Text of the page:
Analysing the World Wide Web is always challenging, given its sheer size. There’s general agreement that over a billion websites are currently in existence, but beyond that, industry observers disagree on many trends and proportional market shares of these. This is particularly true when it comes to analysing top level domain statistics – the percentage of websites using suffixes like .org, .co.uk or .pizza.
Given the variety of different reporting methods and the propensity for extrapolating averages, it can be difficult to accurately gauge market trends. Nonetheless, it is possible to establish some facts about the greatest top level domains in 2016. Everyone seems to agree that the .com TLD continues to dominate the global market. Statista report 125 million .com sites currently in existence, while W3Techs claim 48.1 per cent of global websites have a .com address.
W3Techs did record a slight decline in .com’s popularity compared to early 2016, which is also true for the legacy TLDs. These were established before ICANN assumed responsibility for new domain releases in 1998; the .net, .info and .biz suffixes saw small declines in popularity during 2016. Conversely, the big winner among legacy TLDs was .org, which increased its market share from 4.4 per cent to 4.8 per cent. The Council of European National TLD Registries now lists .org as the second most popular TLD behind the all-conquering .com throughout Europe and North America. Yet globally, Statista and DomainState both report around 50 per cent more .net sites than .org, reflecting international variations in popularity.
Other top level domain trends in 2016 included the rising popularity of new gTLDs – the more unusual and niche suffixes that have been gradually dripfed into the market by ICANN. This represents an attempt to reduce the ongoing dependence on .com, with CENTR reporting a 33 per cent growth in new gTLDs across Europe. While most of these are generic, there has been strong demand for commerce and technology-specific TLDs, with other popular choices involving corporate brands and the food and drink sector. The biggest growth was recorded for .vip, while location-specific geo-TLDs like .london have also seen steady growth.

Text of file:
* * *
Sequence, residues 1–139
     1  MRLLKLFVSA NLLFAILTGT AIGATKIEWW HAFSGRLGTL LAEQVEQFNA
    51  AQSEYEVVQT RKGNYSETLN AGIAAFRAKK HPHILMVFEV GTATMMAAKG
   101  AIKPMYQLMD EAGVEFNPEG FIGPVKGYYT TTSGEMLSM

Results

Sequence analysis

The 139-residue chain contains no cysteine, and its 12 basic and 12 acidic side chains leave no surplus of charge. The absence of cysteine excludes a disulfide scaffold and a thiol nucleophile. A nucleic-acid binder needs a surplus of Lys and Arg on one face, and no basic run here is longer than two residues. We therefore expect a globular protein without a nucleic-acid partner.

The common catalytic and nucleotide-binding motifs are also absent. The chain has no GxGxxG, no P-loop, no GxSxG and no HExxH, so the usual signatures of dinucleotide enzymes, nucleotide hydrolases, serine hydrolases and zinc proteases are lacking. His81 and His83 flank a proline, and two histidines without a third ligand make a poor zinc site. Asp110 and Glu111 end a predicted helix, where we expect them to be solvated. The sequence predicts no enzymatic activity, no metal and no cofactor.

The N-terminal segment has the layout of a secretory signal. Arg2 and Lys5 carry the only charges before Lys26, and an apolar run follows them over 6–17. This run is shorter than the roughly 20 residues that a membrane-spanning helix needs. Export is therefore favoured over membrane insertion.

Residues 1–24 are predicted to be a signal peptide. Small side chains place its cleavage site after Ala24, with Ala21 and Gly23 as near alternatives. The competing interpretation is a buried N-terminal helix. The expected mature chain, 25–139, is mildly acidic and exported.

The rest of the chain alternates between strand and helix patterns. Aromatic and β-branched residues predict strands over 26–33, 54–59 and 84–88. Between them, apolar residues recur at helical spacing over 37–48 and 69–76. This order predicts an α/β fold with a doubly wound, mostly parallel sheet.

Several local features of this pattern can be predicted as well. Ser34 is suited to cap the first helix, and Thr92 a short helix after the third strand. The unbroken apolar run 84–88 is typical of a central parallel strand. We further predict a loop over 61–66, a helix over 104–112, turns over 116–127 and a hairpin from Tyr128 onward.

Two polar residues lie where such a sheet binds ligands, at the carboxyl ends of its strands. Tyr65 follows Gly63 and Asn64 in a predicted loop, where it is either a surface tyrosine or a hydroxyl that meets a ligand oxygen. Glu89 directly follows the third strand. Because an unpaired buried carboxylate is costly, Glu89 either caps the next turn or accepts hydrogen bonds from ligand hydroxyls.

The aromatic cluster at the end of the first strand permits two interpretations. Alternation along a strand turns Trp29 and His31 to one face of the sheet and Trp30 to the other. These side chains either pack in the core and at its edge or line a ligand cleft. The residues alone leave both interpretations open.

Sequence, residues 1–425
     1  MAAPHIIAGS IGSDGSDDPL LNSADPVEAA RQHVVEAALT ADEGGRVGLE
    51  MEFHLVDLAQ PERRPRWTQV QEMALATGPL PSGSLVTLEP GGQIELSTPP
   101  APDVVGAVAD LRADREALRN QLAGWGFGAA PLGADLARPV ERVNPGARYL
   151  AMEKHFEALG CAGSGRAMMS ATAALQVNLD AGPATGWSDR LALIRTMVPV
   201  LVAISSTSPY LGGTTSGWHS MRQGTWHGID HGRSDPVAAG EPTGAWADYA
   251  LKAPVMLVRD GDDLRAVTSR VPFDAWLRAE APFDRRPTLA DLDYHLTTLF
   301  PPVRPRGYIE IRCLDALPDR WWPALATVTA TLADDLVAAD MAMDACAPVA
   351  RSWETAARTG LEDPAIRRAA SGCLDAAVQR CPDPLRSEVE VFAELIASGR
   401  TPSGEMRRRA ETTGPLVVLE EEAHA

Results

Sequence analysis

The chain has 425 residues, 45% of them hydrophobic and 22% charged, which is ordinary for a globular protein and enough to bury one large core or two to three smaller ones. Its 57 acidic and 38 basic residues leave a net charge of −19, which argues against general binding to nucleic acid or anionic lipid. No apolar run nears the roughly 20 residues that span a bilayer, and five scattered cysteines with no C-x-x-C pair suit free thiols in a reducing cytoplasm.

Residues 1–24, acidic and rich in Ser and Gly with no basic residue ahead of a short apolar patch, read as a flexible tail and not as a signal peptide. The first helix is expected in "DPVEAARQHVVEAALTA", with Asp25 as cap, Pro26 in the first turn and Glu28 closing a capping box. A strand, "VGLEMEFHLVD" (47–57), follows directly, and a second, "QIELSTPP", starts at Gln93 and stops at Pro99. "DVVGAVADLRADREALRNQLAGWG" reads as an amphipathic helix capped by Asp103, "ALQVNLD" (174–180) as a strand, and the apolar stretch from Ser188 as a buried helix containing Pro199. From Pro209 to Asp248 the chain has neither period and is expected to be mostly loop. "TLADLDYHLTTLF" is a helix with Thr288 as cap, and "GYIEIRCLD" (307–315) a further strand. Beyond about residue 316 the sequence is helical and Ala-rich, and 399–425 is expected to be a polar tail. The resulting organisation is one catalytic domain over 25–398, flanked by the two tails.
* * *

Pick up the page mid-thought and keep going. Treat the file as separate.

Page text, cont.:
The introduction of these local geo-TLDs has rather eroded the supremacy of country code top level domain names, which still make up 45 per cent of the global market according to CENTR. China, Germany, Russia, Japan and the UK were the five most popular ccTLDs during 2016, though Brazil and India continue to grow in popularity. These developing nations are experiencing rapid growth in internet numbers on the back of fast-improving infrastructure, compared to more mature first world markets.
It’s important to note that although America has the .us TLD, it’s never achieved prominence. While ccTLDs perform well in domestic search engine results pages, they are downgraded in international or foreign ones, with .com one of few globally accepted domain suffixes. It will be interesting to see how the .eu domain fares this year given Europe’s current instability, and also whether regional TLDs like .cymru can begin to achieve widespread public recognition.
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